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The First Foot Guards

We are a Revolutionary War reenactment group based in Boston MA,
accurately portraying the royal household regiment that is now known as
The Grenadier Guards

 

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Provisioning the men

Full provisioning was not always possible, and there were many substitutions.

Full allowance for 6 men:

Sunday
6lb of bread or flour
6lb pork
3 pints of pease
8 gills of rum

Monday
6lb of bread or flour
3/4lb butter
4 1/2 pints of pease
8 gills of rum

Tuesday
6lb of bread or flour
10 1/2lb beef
1 1/2lb of rice or oatmeal
8 gills of rum

Wednesday
6lb of bread or flour
3/4lb butter
2 pints of pease
8 gills of rum

Thursday
6lb of bread or flour
6lb pork
2 pints of pease
8 gills of rum

Friday
6lb of bread or flour
3/4lb butter
4 1/2 pints of pease
8 gills of rum

Saturday

6lb of bread or flour
10 1/2lb beef
1 1/2lb of rice or oatmeal
8 gills of rum

The rum was usually diluted with water. The troops were occasionally permitted to have small quantities of claret, spruce beer or porter. Sometimes spruce beer was substituted for the rum, and a spruce beer manufactory was set up in New York City. Spruce beer was thought at the time to be anti-scorbutic (prevented scurvy).

The average soldier was well acquainted with rum and pease (the normal spelling at the time for 'peas'). The peas were supplied dried, and needed to be soaked and boiled into a mush known as 'pease pudding'. With the addition of ham or chicken, this could be a tasty dish. If insufficiently cooked, it could be less than appetizing.

Rice or oatmeal would also need some cooking - difficult for an army on the march. Samuel Johnson in his famous Dictionary was unflattering in his description of oatmeal " A foodstuff for horses or Scotsmen" … but then he did not serve in the army.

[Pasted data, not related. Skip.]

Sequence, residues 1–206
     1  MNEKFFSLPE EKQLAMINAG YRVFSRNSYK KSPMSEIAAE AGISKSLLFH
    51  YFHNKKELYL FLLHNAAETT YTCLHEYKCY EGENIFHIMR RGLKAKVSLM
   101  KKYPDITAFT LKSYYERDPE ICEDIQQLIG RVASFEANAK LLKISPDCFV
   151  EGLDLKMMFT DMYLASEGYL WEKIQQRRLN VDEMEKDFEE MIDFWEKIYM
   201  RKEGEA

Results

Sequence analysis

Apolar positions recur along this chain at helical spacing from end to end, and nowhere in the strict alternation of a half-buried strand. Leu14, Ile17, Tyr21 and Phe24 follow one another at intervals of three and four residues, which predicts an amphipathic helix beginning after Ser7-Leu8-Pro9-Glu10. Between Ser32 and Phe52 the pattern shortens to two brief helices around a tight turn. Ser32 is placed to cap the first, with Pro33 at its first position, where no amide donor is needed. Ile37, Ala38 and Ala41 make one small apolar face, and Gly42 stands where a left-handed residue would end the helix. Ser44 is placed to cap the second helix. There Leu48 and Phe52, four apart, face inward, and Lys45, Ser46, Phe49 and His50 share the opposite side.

The full allowance for hospital was unappealing:

Breakfast
Rice gruel or water gruel with sugar or butter

Dinner
1 lb fresh meat (beef, mutton or veal) with greens

Supper
2oz butter or cheese

…but you might also be put on the Half diet or the Low Diet.


Throughout British history, the size of coopered casks has varied, but at this time the sizes represented:

Pin: 1/2 firkin or 4 1/2 gallons
Firkin: 9 gallons
Kilderkin: 1/4 tun or 16 gallons
Tun: 64 gallons
Hogshead: 100-140 gallons

The shipping of hogsheads by sea, and their subsequent land transportation was impracticable, but the shipped sizes of casks was at the whim of the suppliers. Tuns or kilderkins were more practical. The kilderkin is the normal size of a 'barrel' shipped to British pubs nowadays (although usually supplanted by the smaller aluminum keg).

For those unused to old measures (now referred to as Imperial):

2 gills one pint

2 pints one quart

4 quarts one gallon

These measures are 1/5 greater than comparable US measures (watch out when you request 'a pint' in an English pub.)



"Life aboard the transports was very difficult. Conditions to both man and beast were often fatal. The situation was truthfully, if rhetorically, summed up by an officer of the Guards who was going with a detachment to join Howe at New York, when he wrote:

'There was a continued destruction in the foretops, the pox above-board, the plague between the decks, hell in the forecastle, and the devil at the helm.'

Clinton announcing the arrival of a contingent of recruits at New York in 1779 lamented that 'many of the Troops are very sickly, owing to the extreme Length of the Voyage.' Out of 2400 Germans coming to that port in August of 1781, he recorded that 410 were sick on landing, while 66 had perished from scurvy.

Small wonder a Private aboard a troop transport bound for America described the soldiers' fare as:

'pork and pease were the chief of their diet. The pork seemed to be four of five years old. It was streaked with black towards the outside, and was yellow father in, with a little white in the middle. The salt beef was in much the same condition. The ship biscuit was so hard that that they sometimes broke it up with a cannonball, and the story ran that it had been taken from the French in the Seven years' war and lain in Portsmouth ever since. Sometime they had groats and barley, or by way of a treat, a pudding made of flour mixed half with salt water and half with fresh water, with old mutton fat.'

Much of the food supplied had to be condemned. When Howe left Boston in March of 1776, he left behind as 'unfit for His Majesty's troops to eat' 61 barrels of pork, 32 firkins of butter, 1000lbs of cheese, 12 casks of raisins, 393 bags of bread and ' A Quantity of Mutton in Puncheons, spoiled in Curing and unfit for Use.' "

Quotations from Professor EE Curtis, The Organization of the British Army in the American Revolution, 1926, Yale University, New Haven, CT.


 

More info: visit
http://www.revwarprogressive.org

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